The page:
In computer vision what is Panoptic Segmentation about? How it relates to Semantic Segmentation? and how it compares to Instance Segmentation?


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Panoptic Segmentation (PS) is a computer vision (CV) task that aims at unifying both semantic and instance segmentation.

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  • Semantic segmentation: each pixel is labeled with a category ($C$ in total), obtaining a dense prediction over an image. The output image has the same resolution of the original one, but only contains the predicted categories of each pixel. If we consider a specific category $c$ in the output image, we obtain the segmentation mask that ideally corresponds to the area that all the objects belonging to category $c$ occupy. Usually, the categories $C$ depict stuff objects: amorphous regions of same texture and/or material, like the roads and walls. Popular dataset are the PASCAL-VOC2, COCO, ADE20k, and CityScapes. Segmentation models are evaluated with a generalized IoU measure over segmentation masks. Differently from object detection, since there is no overlap among pixels there is no need to apply non-maximum suppression to reject multiple predictions. Common neural network architectures are the FCNs, U-Net, and DeepLab based ones.
  • Instance segmentation: is about separating different categories at the pixel level into different instances of the same class. Compared to object detection, instance segmentation provides an accurate segmentation of the object (instead of a rectangular region) that localizes it in the space. Each detected instance of the same category is assigned an ID. Mask-RCNN is a notable approach that builds on the Faster R-CNN object detection model, adding a segmentation branch in the per-region network that predicts the mask of the instance. Turns out that this method can be extended to pose estimation. Instance segmentation cares about detecting things objects, like cars, and people.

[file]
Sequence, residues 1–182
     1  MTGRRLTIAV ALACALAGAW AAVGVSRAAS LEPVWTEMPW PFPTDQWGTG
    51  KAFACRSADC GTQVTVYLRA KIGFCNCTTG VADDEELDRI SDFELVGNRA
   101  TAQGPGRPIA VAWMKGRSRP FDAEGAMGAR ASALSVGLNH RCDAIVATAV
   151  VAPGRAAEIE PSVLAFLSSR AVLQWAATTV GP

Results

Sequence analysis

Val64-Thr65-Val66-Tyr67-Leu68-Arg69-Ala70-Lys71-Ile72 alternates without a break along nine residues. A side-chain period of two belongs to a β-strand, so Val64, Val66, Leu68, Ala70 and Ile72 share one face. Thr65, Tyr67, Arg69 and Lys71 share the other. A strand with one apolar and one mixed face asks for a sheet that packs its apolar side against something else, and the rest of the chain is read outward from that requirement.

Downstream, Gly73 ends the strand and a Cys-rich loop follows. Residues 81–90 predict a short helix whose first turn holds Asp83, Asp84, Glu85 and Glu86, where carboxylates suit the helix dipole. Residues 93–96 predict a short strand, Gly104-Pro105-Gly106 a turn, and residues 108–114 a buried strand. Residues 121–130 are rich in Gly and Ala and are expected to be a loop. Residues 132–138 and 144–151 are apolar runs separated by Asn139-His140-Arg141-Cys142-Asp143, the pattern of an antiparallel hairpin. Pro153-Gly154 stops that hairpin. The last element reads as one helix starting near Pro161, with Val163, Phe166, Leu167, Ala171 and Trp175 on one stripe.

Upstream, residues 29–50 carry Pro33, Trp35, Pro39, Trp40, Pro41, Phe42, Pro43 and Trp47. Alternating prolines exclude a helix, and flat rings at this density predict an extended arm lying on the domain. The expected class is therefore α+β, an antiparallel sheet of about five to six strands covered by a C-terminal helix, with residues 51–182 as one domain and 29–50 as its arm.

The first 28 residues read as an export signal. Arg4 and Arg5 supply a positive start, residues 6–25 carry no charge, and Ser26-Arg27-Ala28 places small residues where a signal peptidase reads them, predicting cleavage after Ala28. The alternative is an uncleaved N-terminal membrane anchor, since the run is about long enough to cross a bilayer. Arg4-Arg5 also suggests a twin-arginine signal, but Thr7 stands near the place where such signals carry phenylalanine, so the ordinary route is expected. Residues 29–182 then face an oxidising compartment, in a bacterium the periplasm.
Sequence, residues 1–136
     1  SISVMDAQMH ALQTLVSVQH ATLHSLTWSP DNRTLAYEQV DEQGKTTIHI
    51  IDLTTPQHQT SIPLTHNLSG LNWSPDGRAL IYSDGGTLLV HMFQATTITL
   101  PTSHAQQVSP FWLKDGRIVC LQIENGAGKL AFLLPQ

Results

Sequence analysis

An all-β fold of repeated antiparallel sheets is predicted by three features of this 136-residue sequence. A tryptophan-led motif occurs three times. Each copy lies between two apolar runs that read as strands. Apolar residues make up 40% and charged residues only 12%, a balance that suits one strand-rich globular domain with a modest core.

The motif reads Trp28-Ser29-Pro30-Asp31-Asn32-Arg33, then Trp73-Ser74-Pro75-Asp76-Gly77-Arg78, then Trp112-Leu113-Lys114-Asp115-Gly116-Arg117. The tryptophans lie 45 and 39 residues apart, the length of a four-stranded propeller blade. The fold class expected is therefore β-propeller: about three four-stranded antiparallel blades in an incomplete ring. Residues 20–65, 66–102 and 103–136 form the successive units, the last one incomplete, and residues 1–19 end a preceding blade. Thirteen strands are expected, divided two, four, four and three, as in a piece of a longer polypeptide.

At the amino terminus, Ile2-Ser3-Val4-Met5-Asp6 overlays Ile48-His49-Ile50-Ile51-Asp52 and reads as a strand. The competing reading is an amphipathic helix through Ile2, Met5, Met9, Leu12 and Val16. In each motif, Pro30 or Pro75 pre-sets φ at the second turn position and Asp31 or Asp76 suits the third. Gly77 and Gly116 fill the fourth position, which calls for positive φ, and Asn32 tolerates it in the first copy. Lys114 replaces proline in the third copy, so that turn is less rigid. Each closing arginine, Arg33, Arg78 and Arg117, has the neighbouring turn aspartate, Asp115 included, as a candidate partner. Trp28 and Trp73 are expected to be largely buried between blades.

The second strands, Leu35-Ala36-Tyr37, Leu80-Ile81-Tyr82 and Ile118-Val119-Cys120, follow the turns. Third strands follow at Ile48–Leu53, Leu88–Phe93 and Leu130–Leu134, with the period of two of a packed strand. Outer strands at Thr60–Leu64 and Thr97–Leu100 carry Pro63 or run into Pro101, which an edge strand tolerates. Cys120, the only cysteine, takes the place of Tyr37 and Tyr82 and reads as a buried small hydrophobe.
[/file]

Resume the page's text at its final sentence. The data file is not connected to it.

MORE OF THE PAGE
Panoptic Segmentation

Panoptic Segmentation unifies stuff and things categories with instances as well. The categories are divided into two classes: stuff (uncountable and/or amorphous objects, like the sky, walls, and road), and things (countable objects, like cars and people). Moreover, ambiguous or out-of-class pixels are assigned a special void label, also each pixel predicted as thing is assigned an instance ID. The Panoptic FPN builds on Mask R-CNN: it uses two FCNs to predict stuff and things pixels, while a mask FCN predicts the segmentation mask as well. It builds on the idea of Feature Pyramid Network (FPN) - introduced in Faster R-CNN - that rescales and merges extracted features at multiple levels (resolutions), to provide enough information for the semantic segmentation predictions.

Panoptic segmentation predictions are evaluated using a single unified metric the Panoptic Quality (PQ), that involves two steps: enter image description here

  1. Segment matching: finds the predicted segmentations that match with the ground-truth (GT). A match occurs only if the IoU between the prediction and the GT is above 0.5, having each GT at most one associated segmentation.
  2. PQ computation: each match is split into true positives (TP), false positives (FP), and false negatives (FN) used in the following formula that is not evaluated for void pixels $$PQ = \frac{\sum_{(p,g)\in TP}IoU(p,g)}{|TP|+\frac12|FP|+\frac12|FN|}$$

To train a panoptic segmentation model is possibile to reuse the dataset that provide both semantic and instance segmentation annotations, like: Cityscapes, ADE20k, and Mapillary Vistas.

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    $\begingroup$ Are you sure that this Panoptic FPN introduces the idea of "Feature Pyramid Network"? Wasn't this already present in some previous model? It's been many months since I've done anything related to computer vision but I remember these FPNs and they were not introduced, as far as I remember, with this Panoptic FPN (because I don't remember this Panoptic FPN). $\endgroup$
    – nbro
    Commented May 25, 2023 at 22:41
  • $\begingroup$ @nbro You're totally right, thanks for pointing that out! FPN were first introduced in Faster R-CNN. The Panoptic FPN "reuses" that concept. I'll edit that and provide the reference to faster r-cnn, thanks again. $\endgroup$ Commented May 26, 2023 at 6:51

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